Lovecraft was a big fan of the The Arabian Nights in his youth, and he’d no doubt be pleased to hear the the foremost British writer on myth and fairytale has written a 500-page book about it. Independent scholar Marina Warner‘s Stranger Magic: Charmed States in the Wake of the Arabian Nights is due to be published by Chatto & Windus in the UK, and Random House in the USA. Seems they’re going to try and get it out for the New Year book token market.
“A dazzling history of magical thinking, exploring the power of The Arabian Nights and its impact in the West, and retelling some of its wondrous tales. […] Translated into French and English in the early days of the Enlightenment, this became a best-seller among intellectuals, when it was still thought of in the Arab world as a mere collection of folk tales. For thinkers of the West the book’s strangeness opened visions of transformation: dreams of flight, speaking objects, virtual money, and the power of the word to bring about change. Its tales create a poetic image of the impossible, a parable of secret knowledge and power. Above all they have the fascination of the strange — the belief that true knowledge lies elsewhere, in a mysterious realm of wonder. […] With startling originality and impeccable research, this ground-breaking book shows how magic, in the deepest sense, helped to create the modern world, and how profoundly it is still inscribed in the way we think today.”
Joseph Cornell (1903-1972), like Lovecraft he had a great interest in astronomy. There’s a book, Joseph Cornell and Astronomy: A Case for the Stars…
The new Library of America e-Newsletter interviews
S.T. Joshi about Ambrose Bierce (PDF link, full interview).
The bull-o-meter nudges the top end of the scale in some of the opening publisher quotes in The Library Journal‘s new cover article on the fantasy/SF renaissance. But otherwise it’s an interesting survey of the ‘big publisher’ trends in the mad scramble from Sept to Xmas. The highlights…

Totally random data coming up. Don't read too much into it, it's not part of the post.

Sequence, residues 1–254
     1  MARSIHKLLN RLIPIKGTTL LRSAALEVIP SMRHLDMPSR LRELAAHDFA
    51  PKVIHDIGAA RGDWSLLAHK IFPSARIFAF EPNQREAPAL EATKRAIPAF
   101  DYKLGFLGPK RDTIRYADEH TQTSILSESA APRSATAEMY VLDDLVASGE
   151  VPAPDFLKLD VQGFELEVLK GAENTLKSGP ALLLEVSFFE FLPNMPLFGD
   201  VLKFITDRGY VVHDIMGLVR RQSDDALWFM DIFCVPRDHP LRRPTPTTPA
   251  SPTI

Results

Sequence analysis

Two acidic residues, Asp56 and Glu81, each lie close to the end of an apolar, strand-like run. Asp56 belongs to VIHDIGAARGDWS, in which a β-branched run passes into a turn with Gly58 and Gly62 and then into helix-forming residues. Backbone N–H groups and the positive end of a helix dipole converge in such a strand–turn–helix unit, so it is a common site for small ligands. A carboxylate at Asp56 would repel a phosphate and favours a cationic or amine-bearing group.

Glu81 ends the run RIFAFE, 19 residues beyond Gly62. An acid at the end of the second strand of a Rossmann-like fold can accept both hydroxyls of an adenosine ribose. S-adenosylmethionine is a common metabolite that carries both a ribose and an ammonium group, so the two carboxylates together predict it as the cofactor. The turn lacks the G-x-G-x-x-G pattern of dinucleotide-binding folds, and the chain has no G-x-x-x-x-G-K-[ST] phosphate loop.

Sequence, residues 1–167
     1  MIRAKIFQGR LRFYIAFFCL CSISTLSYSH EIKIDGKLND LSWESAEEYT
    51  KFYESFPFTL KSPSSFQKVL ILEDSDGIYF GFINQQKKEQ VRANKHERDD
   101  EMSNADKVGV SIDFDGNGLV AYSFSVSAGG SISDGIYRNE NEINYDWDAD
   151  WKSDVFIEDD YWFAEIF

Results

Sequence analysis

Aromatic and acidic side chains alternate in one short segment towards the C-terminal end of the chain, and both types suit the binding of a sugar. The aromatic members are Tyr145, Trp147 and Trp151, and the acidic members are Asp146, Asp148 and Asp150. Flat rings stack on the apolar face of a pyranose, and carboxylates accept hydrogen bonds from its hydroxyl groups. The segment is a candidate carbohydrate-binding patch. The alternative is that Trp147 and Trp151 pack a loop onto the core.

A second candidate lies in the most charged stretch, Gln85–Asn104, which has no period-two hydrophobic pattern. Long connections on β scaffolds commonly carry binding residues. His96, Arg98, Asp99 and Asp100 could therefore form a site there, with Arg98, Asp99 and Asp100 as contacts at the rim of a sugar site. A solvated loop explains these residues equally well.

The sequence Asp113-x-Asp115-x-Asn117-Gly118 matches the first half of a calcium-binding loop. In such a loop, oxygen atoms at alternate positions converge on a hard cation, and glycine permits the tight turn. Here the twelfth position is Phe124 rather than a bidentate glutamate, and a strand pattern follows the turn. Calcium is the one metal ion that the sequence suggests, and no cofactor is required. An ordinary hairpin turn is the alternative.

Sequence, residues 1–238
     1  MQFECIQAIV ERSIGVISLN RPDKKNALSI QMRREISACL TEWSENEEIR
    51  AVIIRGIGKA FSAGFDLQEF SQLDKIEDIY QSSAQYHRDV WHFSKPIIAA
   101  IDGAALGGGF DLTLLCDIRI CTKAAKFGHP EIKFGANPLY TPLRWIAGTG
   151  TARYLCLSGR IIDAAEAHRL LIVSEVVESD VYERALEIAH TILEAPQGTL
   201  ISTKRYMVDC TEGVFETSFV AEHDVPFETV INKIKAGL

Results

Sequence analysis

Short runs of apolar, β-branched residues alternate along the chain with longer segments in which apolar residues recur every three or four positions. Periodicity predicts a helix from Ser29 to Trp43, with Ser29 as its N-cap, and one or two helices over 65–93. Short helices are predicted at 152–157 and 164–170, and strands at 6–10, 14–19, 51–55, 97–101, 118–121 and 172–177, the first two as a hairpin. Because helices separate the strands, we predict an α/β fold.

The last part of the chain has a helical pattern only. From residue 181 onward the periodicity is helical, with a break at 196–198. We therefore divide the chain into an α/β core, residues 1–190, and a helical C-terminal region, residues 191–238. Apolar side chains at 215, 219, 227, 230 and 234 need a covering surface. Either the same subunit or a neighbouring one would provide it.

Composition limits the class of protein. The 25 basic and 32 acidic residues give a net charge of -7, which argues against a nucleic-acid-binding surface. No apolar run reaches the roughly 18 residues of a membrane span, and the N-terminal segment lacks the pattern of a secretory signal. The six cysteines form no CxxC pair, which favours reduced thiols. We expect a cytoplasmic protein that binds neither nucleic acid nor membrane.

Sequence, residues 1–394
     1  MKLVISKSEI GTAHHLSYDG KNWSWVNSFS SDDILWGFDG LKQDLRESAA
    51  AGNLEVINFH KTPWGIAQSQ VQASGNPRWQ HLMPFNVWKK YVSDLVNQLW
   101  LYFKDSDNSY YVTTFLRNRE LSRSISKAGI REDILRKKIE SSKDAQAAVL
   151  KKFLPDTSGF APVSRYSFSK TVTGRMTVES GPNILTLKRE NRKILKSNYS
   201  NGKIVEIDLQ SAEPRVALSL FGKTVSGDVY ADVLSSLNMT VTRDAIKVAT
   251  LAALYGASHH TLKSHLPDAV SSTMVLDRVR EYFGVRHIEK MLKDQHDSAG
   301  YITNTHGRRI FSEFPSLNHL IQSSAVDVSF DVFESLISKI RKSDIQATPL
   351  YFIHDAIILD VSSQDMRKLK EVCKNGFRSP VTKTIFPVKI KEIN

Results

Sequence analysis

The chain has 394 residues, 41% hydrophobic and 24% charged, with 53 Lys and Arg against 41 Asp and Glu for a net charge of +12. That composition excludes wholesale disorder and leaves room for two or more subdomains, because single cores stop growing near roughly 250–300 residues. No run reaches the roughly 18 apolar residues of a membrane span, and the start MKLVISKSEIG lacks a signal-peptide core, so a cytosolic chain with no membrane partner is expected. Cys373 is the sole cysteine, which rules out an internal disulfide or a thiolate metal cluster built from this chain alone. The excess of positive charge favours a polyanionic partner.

* Gritty ‘dark fantasy’ infiltrates the sort of over-padded fantasy epics that you can stop a door with. But who wants to slog through a 3,000 page trilogy full of ‘grim’, in the current climate?
* A new trend for historical/fantasy desert settings, Arabian Nights style. Interesting. I could imagine a lot of Lovecraftian elements could creep in there, if done well. There’s certainly a lot of public domain material to mine for authentic descriptions and background.
* Growth “in the male urban fantasy market”. That sub-genre must have completely passed me by. Sounds like it’s a 20-something target market, for guys afraid their manhood will shrivel up and fall off if they read about faeries and elves?
* Authors who write about zombies are moving them into political satire and comedy. Best place for them. They’re such dull monsters, the only thing left to do is poke fun at them.
* Steampunk continues to flounder about looking for fresh settings and twists, judging from the article.
* New galactic-spanning space adventures have become very rare, as 50-something SF authors churn in a mire of near-future gloom and angst. Publishers will be republishing their old “upbeat” space epics, to compensate.
* There’s a gap in the market for smart optimistic young-adult hard SF, which will increase as the economic recovery starts.
The biggest news is probably that Neal Stephenson is back with a new novel, Reamde, in September. It’s another 1000-page doorstopper. I don’t mind the size and I really enjoyed Anathem — but it seems that Reamde is more like Cryptonomicon which while gripping was forgettable. No news of any new book from Stephen Baxter, sadly.
Lower Clinton Street, Near East River, NYC, 1941. Is this the right Clinton St. for Lovecraft?
The present-day location of Lovecraft’s “dismal” room at 169 Clinton Street. It was then on the fringes of the Red Hook slum area. The Brooklyn Heights blog explains…
“Lovecraft’s description of 169 Clinton, at the corner of State Street, as “at the edge of Red Hook” may seem odd to Heights residents today, but in the 1920s “Red Hook” included all or much of what we know now as Cobble Hill and Carroll Gardens, as well as what we now call Red Hook.”
The 2011 H.P. Lovecraft Film Festival will be showing a restored print of Lovecraft’s favourite movie, the time travel feature Berkeley Square (1933).
“This movie was considered by many to be lost […] This will be the first time this print has been screened, and probably the first time the movie has shown anywhere in decades.”
New theatre production of “The Dunwich Horror”, set to be staged this Autumn in London England…
“This production has been in development for over a year, from a script completed after extensive work-shopping. The premise was to keep extant as much of the text from the original story as possible, while opening up the piece to an engaging theatrical experience. The production will take place as part of the London Horror Festival at the Courtyard Theatre [Hoxton, London UK]”
No dates or box office yet, but the Festival dates are 25th Oct – 27th Nov 2011.